Open and Issue Specific Meetings by the Planning Inspectorate on the Manston DCO (March 2019)

This week, the meetings continued to examine the Development Consent Order submitted by RiverOak Strategic Partners Ltd, taking place in Ramsgate and at Discovery Park.

On Monday 18th, there were Open Floor Hearings (one during the day and one in the evening), which took place at The Oddfellows, in Ramsgate High Street, which allowed interested parties to make oral representations about the application.

On Tuesday 19th, there were accompanied site inspections to view the various areas and sites being discussed as part of the DCO application.

The rest of the week consisted of specific meetings on the Compulsory Acquisition (Wednesday, 20th March), Need and Operation (Thursday 21st March) and Noise and Vibration (Friday, 22nd March).

Wednesday (Compulsory Acquisition)


The meeting began at 10.00am and ran until after 5.30pm. Today’s hearing was concerned with the Compulsory Acquisition of the airport site.

Stone Hill Park are of course, the main party who will be affected by the DCO but there are also other statutory bodies, including the MOD, the Crown and the Met Office, who will be affected. Additionally, there are scores of individual landowners who will need compensating. The Examining Authority (ExA) heard that agreement still had not been reached with the MOD, NATS and the Crown among others and that only 1 of 163 individual landowners had responded to RSP’s letters. The ExA reminded RSP that the ‘clock was ticking’.

The Book of Reference shows everyone who will be affected by Compulsory Acquisition as part of the DCO.

The ExA questioned RSP about their company structure and their funding statement. RSP said that the restructuring of their company was still ongoing and isn’t likely to be finalised until the end of April. The ExA pointed out that they are now in week 10 of a 26-week process and that they need to know exactly who is applying for the DCO. When asked RSP said that they couldn’t reveal the identity of the investors because of commercial confidentiality. The ExA said that RSP had been warned over 7 months ago that they needed to provide an updated funding statement. RSP said they should be able to provide it by the end of April.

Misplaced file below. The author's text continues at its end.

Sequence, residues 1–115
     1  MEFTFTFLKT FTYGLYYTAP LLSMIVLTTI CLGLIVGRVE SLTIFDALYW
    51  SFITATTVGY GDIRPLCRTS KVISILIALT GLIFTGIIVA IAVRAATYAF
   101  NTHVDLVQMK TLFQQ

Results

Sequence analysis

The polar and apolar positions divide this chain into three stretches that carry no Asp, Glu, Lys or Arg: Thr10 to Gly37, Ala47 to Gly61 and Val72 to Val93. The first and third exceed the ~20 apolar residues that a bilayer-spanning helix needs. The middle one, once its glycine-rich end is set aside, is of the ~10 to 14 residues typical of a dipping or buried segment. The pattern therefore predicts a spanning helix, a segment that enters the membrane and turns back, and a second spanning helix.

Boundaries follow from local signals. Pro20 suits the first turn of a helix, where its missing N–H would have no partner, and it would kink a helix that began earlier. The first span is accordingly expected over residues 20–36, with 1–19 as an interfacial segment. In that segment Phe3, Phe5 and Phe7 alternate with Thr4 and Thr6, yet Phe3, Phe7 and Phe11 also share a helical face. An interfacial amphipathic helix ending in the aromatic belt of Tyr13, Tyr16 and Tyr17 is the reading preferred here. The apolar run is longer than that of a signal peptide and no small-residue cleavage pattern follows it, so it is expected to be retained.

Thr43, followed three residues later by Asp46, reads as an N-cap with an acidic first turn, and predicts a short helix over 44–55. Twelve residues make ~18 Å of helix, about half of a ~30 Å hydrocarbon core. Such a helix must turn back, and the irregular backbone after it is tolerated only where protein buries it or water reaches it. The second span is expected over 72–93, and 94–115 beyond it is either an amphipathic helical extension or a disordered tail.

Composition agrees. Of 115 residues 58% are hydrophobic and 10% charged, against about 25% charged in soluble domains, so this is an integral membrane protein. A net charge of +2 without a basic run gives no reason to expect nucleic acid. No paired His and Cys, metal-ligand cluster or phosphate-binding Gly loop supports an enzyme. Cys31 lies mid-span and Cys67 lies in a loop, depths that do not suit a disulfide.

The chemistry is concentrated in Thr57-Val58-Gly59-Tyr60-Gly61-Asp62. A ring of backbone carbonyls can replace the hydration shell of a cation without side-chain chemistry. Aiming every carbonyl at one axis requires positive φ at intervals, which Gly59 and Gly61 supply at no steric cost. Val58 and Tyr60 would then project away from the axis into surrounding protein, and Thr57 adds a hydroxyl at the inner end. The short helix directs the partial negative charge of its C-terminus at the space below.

There were many other questions, and some rigorous discussions, throughout the long day which made very interesting listening. The audio recording will be available on the PINs website in the next few days. We will also post it on here when it is available.

Thursday (Need and Operations)


In what was another long day, we first heard RSP put their case for the need for Manston to reopen. Their statement drew on many policy documents including the Government’s ‘Making Best Use of Existing Runways’.

The Examining Authority (ExA) asked if Manston Airport was mentioned in the documents – all parties agreed that the documents were generic and did not specifically mention Manston.

The freight capacity, both actual and forecast, bellyhold and dedicated, was discussed for each major UK airport. Connectivity was also discussed.

Both the ExA and SHP questioned RSP’s Dr Sally Dixon and Northpoint’s Chris Cain extensively about their business model, the fleet mix and how the figures were arrived at. At times it was very adversarial.

The ExA asked about the wider forecast and said,
In Year 2 the freight atms are given as 5252. This is 5 times the peak at Manston (historically) and 10% of the UK market – do RSP think that is realistic?

Dr Dixon believed that it was realistic according to her figures as RSP would tap into trucking freight, she called it a latent market. RSP’s Counsel, Isabella Tafur, added that by Year 2 they would have an integrator such as Amazon basing four aircraft at the airport and operating 8 atms a day.

When SHP challenged RSP saying that integrators would require night flights Mr Cain explained that they would be using a new model and would use an automated fulfilment centre to store commodities which would not necessitate the use of night flights.

In answer to a question from the ExA, RSP told the hearing that the CAA will not let them start the process of applying for a licence until the DCO is granted – and then it will take up to two years. So, RSP said that they were now aiming at starting operations, should the DCO be successful, in the first quarter of 2022 and not 2020 as previously stated.

Several members of the audience were then given a chance to speak, including Sir Roger Gale.

Friday (Noise and Vibration)


The Examining Authority (ExA) heard that RSP’s Noise Mitigation Plan (NMP) had been updated at Deadline 4.

The main changes were:

  • Capping combined freight and passenger air traffic movements to 26,468 per year.
  • Capping General Aviation atms to 38,000 per year
  • An annual quota during the Night Time Period of 3028